25 July 2004

The fox and the crane

Lawrence Lessig posted an analysis of a debate, broadcast on Fox News, on whether the documentary OutFOXed (IMDB, Rotten Tomatoes) presented valid arguments against them. Their conclusion was predictable. Lucky for us, Lessig's around to set the record straight--but then "us" is a miniscule sub-section of the population.

I remember reading an article about the future of media [link?]. It discussed the subject of custom content and suggested that, taken to a realistic extreme, such customization would separate people further by isolating them in only those beliefs that they already had. That concept has stayed with me. I've since read it in many other forms and forums [links?], so the meme appears to have been effectively absorbed into the public awareness.

A similar argument is often made surrounding our use of search engines. In contrast with the days of card catalogues, search engines take us directly to the sentence we're looking for. We once found 10 books covering the general subject of interest, each with very-high-level indexes, each index covering 10 to 50 pages within each book. We now Google for the terms of interest and Ctrl+F for each occurence on the page. Ten-to-50 pages times 10 books is 100 to 500 pages we would have to read or at least have to skim with some concentration. Think of all of the seemingly random information outside your narrow focus that you would be forced to confront, even if only superficially.

Join automated searching with simple AI heuristics to customized content, and what seemed like a good idea deforms into a system that creates only inbred thinking.

But could anyone call the introduction of indexes to books at around the Renaissance [link?] anything but genius? That small step in organizing thought in larger forms for the benefit of others was an important part of the rebirth. And the introduction of libraries in general and public libraries in particular, with their quaint card catalogues, was probably like handing Ctrl+F to the world. Could simplifying access to information in any way be detrimental? I'm sure what Lawrence Lessig, involved in Creative Commons, would say. For that matter, I'm sure what I would say.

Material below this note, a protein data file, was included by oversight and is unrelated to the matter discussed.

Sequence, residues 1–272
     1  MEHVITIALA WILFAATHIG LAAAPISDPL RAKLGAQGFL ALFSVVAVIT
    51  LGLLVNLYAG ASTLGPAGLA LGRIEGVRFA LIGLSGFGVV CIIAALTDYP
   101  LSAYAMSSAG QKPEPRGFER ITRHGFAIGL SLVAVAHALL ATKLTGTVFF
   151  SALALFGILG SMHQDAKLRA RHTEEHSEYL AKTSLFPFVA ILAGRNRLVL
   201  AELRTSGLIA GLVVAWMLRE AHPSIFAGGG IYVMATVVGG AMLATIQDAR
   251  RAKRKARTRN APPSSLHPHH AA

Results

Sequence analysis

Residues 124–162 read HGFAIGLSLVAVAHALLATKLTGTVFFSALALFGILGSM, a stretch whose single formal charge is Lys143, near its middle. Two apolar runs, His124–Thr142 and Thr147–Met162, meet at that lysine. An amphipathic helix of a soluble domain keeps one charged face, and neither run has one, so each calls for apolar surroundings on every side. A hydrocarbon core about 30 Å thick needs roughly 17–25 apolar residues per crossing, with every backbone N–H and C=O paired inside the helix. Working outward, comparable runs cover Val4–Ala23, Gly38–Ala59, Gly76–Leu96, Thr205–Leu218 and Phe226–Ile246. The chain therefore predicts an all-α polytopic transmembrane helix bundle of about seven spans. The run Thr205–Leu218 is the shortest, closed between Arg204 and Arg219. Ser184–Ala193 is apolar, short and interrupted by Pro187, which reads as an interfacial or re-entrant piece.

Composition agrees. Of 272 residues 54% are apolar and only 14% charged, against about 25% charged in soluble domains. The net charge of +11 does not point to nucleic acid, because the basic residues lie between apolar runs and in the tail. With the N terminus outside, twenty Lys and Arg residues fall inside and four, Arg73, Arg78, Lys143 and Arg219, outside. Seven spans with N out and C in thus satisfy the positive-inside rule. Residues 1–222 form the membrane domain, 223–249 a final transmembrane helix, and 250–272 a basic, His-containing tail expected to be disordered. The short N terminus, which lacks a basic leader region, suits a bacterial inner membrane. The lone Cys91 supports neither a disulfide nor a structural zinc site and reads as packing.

So Fox News is watched primarily by those who accept and accede to the bias. Criticism is made and read by those who disagree. The separation is continually reinforced.


I may never find or remember the sources for the missing "links" referenced above. So much for the power of the search engine. The problem would be solved if I had better memorization: something regularly praised and valued in pre-Renaissance times and represented by skills such as the art of memory, where you organize information to be recalled as objects organized within a building. As you walk through the building, the objects help you recall the ideas associated.

The Fox and the Crane reference may be obvious, but I'll hammer it home. In the Aesop fable, the fox ignored a guest's needs by offering only that which he himself could enjoy. The crane returned the insult when the fox was a guest, and so both, focusing on their own interests, mocked the differences around them. (Weird non-sequitur: the fox in the story originates the insult and is female; the crane is male.)

[ posted by sstrader on 25 July 2004 at 6:22:29 AM in Culture & Society ]